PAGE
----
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DAVOS 2020: Interconnection of Finance and Environmental Changes in the Digital Era

During the recent decade the global economy has been into a long period of expansion, that can be characterised by an extraordinarily accommodative monetary policy around the world. Central banks have been decreasing interest rates, and pursuing an accommodative policy in a synchronised manner, which resulted in a positive boost to global growth but has not produced the robust demand expected. Yet nowadays approximately 60% of global GDP is driven by consumer spending, therefore it is essential to ensure the global progress of economies.

Cutting interest rates as one of the monetary tools has a potential negative consequence: very high debt in some countries where the capacity of paying it back is low. Moreover, in the search for higher yield, low interest rates stimulate risk taking appetite. If there would be a negative shock, then that could trigger a recession, what tools would be available to respond? Thus, maintaining interest rates at a sufficient level would give the capacity to move them down in case of a need. However, there is so much appetite for very safe liquid assets that people are willing to hold them at an incredibly low interest rates rather than to spend it or invest and even pay to hold it. It's possible to get out of this liquidity trap by reducing people’s uncertainty and to use fiscal policy with regulatory reforms to stimulate the economy as well.  

The outlook for the financial services sector mainly focuses on 2 disruptive forces – digitalisation shift and climate change and sustainability. Both disruptions call for huge investments and change of the business model. While recently consumers were valuing comfort, time convenience and ease of everyday life, now there is a demand for transparency, business social inclusion and environmental influence. In the era of the Fourth Industrial Revolution, ESG investing, which takes company’s environmental, social and governance factors into consideration, is gaining momentum as shareholders demand action, and consequences grow for the companies that fail to adapt.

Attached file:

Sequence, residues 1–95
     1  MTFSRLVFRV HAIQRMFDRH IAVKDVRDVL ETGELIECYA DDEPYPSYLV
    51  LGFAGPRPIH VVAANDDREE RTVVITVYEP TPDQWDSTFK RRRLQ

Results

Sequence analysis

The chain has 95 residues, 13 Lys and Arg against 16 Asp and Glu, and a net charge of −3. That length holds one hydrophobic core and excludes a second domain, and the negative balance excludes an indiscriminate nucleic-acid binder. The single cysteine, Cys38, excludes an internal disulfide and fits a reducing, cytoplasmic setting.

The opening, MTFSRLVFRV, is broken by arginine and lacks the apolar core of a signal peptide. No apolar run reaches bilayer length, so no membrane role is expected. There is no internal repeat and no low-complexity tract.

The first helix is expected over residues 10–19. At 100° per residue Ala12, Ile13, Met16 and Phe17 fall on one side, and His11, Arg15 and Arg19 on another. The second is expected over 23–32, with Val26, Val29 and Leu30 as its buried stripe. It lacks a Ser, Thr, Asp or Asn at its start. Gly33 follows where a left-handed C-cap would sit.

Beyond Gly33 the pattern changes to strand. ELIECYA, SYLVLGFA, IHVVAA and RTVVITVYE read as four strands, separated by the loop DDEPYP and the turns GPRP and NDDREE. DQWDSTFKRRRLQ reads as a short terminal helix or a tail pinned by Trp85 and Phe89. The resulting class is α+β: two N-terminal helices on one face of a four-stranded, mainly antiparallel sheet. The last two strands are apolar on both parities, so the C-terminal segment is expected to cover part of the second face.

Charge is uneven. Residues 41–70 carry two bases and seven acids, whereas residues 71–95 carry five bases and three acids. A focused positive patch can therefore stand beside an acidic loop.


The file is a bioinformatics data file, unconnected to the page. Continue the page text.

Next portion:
To reduce this anxiety in society that comes for a very rapid technological change that is displacing workers, came up the need to upscale and reskill them for a different economy of tomorrow. In addition to high-tech skills, specialized interpersonal skills will be in high demand, including skills related to sales, human resources, care and education.

In addition, the issue of tax avoidance has arisen among policy agendas around the world with the initiative of resolving the tax challenges arising from the digitalization of the economy. The initiative is already on track for 2-3 years and is striving to reach international consensus on the matter to avoid double taxation and tax competition.